Kip Lornell Contributes to Grammy-Winning Paramount Records Project

Music professor’s writing appears on historical compilation of black artists released by Jack White.

Kip Lornell smiles
Music Professor Kip Lornell helped write album notes for "The Rise and Fall of Paramount."
March 04, 2015

Mamie Smith’s heartbroken wail on “Crazy Blues” jolts listeners today just as much as it did when it was released in 1920. Back then, no one expected the black vaudevillian singer to break records with the bluesy tune, but 75,000 copies of her version of the song sold in just one month and rocked everything music companies thought about recording black musicians.

On the heels of Ms. Smith’s success, Wisconsin’s Paramount Records opened its doors to black artists and began producing “race records.” These early examples of blues and jazz recorded by black artists are still influential today—so much, in fact, that blues rocker Jack White paired his label, Third Man Records, with Revenant Records to release “The Rise and Fall of Paramount,” a comprehensive, two-part collection chronicling the history of the label from 1917 to 1932.

The collection required insights from several historians and music experts for a 255-paged booklet of album notes. One of the experts who contributed his research was George Washington University’s Music Professor Kip Lornell, an ethnomusicologist and Grammy winner recognized in 1997 for a Smithsonian anthology on folk music.

The National Academy of Recording Arts and Sciences nominated the album notes for a 2015 Grammy Award, making this the seventh Grammy-nominated project for Dr. Lornell. He offers that last piece of information somewhat bashfully.

He’s not one to brag, even though he has a little gilded gramophone perched over his fireplace. Dr. Lornell—who started an archive on D.C.’s punk, go-go and folk scenes at Gelman Library last year—has researched several Paramount recording artists and quartets that have transcended musical boundaries into vaudeville, jazz, blues and gospel styles.

“The idea was to look at the Paramount catalogue in a way no one had ever done. It would be the equivalent of someone interested in hip hop looking at Bobby Robinson’s Fury label from 1975 to 1980,” Dr. Lornell said.

“The Rise and Fall of Paramount” was released in two volumes, the first of which debuted last year. When it came out, Pitchfork marveled at the collection’s impressive design. The opulent time capsule, priced at a lofty $468, is made up of six LPs, a folder overflowing with photographs, a reference manual, a USB drive shaped like a Victrola needle, and the hardcover book of album notes. The bounty arrives neatly arranged inside a glistening oak suitcase—“literally 20 pounds” worth of stuff, Dr. Lornell said. The Recording Academy also was mesmerized by the artfully bundled archive and handed it a 2015 Grammy for “best boxed or special limited collection.”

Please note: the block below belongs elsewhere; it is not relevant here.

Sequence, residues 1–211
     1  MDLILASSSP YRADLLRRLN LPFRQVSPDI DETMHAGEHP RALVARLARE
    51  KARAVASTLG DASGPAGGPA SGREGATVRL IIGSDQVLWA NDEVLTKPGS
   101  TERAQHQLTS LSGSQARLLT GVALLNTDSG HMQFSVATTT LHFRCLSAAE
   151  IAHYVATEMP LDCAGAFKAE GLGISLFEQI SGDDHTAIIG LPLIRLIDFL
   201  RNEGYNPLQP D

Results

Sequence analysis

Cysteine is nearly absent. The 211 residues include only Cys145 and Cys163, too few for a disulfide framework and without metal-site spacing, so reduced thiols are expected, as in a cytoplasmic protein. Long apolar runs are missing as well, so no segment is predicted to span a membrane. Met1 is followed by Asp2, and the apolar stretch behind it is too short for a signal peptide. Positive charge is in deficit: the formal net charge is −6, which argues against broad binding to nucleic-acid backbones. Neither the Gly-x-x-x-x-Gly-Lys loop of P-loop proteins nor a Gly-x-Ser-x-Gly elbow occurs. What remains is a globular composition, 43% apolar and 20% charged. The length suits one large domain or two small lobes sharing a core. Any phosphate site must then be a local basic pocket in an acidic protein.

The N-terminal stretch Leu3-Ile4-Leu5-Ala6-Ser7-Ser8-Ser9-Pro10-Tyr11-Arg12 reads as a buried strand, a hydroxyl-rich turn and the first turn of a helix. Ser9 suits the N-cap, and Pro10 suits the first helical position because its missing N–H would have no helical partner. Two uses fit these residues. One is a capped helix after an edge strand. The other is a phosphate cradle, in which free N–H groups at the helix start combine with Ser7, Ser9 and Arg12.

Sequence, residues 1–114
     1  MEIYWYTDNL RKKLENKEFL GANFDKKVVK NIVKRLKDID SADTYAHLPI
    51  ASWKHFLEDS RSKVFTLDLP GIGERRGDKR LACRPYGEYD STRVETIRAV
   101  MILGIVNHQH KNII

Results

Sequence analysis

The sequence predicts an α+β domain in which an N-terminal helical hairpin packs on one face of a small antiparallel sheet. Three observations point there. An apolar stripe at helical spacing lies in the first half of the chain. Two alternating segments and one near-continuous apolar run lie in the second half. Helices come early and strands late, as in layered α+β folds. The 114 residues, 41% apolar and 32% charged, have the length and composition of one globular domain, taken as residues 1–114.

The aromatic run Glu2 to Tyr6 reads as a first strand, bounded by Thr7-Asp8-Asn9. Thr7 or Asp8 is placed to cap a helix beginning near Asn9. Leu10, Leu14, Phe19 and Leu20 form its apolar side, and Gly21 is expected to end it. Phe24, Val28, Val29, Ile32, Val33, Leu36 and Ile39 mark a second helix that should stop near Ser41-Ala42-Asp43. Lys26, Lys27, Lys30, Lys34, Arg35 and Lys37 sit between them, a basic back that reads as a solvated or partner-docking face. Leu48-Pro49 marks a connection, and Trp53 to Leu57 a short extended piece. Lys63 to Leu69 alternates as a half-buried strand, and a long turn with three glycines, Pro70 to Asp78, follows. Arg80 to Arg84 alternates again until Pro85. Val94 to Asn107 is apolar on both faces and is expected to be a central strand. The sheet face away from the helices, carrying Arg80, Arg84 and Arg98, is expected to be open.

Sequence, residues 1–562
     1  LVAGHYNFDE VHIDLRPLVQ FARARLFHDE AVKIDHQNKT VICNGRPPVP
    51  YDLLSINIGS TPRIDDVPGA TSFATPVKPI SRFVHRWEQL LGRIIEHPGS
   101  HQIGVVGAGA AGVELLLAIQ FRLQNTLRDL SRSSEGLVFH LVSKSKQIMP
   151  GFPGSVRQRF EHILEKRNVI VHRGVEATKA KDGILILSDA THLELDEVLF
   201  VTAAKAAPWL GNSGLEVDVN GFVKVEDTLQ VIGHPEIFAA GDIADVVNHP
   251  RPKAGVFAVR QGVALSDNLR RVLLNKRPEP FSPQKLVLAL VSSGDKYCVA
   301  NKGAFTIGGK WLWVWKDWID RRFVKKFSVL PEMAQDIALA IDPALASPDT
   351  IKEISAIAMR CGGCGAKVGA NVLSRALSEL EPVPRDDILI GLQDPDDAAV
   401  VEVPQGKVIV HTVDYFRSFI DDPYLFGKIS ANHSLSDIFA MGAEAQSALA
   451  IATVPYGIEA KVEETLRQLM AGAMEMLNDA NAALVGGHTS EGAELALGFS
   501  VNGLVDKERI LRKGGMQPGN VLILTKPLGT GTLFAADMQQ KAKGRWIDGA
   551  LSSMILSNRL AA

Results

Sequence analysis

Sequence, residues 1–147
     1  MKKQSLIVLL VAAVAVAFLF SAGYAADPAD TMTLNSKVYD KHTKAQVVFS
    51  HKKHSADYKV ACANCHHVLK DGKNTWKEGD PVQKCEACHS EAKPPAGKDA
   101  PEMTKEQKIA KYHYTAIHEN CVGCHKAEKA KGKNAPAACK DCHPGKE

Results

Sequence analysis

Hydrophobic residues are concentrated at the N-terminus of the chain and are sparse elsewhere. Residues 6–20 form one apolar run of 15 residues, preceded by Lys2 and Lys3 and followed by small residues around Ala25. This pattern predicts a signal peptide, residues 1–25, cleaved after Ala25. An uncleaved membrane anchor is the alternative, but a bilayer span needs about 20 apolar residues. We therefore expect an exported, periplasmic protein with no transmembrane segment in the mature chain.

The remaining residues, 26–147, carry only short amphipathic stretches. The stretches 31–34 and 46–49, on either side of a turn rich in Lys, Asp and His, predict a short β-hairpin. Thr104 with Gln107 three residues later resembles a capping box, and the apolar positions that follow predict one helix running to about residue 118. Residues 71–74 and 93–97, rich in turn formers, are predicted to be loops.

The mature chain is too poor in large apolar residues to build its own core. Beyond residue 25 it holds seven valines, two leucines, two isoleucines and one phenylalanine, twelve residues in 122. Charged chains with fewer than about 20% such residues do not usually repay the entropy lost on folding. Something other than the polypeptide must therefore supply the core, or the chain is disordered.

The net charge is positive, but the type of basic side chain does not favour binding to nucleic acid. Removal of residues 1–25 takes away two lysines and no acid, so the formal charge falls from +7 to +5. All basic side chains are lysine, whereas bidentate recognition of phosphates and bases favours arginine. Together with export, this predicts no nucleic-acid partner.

People rallied behind the Paramount Records project not only because of its aesthetic. Historical compilations and liner notes preserve stories that would otherwise vanish. Keeping Paramount Records from becoming an evanescent memory was critically important, especially since so many of the label’s artists already have been lost to time. Some of the singers belting on crackling ‘78s are just anonymous voices harmonizing in a dark room, their identities totally shrouded in mystery—“complete ciphers,” Dr. Lornell said.  

Part of the reasons these artists can be so enigmatic lies in the haphazard way Paramount’s talent scouts would find performers. They’d seek local talent through newspaper ads or word-of-mouth in an effort to make and sell as many records as possible. Musicians would often duck into studios and leave as quickly as they’d come, recording just one song before fading into obscurity.

Examples of Paramount race record covers.

George Carter, a 12-string guitarist immortalized on a Paramount LP, gnaws at Dr. Lornell every time he listens to the recording. With a name as common as “George Carter,” it’s almost impossible to find additional information of what became of him.

Still, “The Rise and Fall of Paramount,” illuminates the stories that didn’t disappear and compiles them in one place. There are narratives of people like Mayo “Ink” Williams, a Brown University athlete-turned-producer who won his moniker for signing new talent speedily. Black-and-white photographs of a young Louis Armstrong and Charlie Patton, and more than 1,600 song recordings, paint the fullest picture of the company’s talent yet.

This week, Dr. Lornell expects the second volume of “The Rise and Fall of Paramount” to arrive at his Silver Spring home. He doesn’t doubt it will be as impressive as the first collection, and an equally powerful piece of history.

“What this reissue does is concretize and set the company into stone,” he said.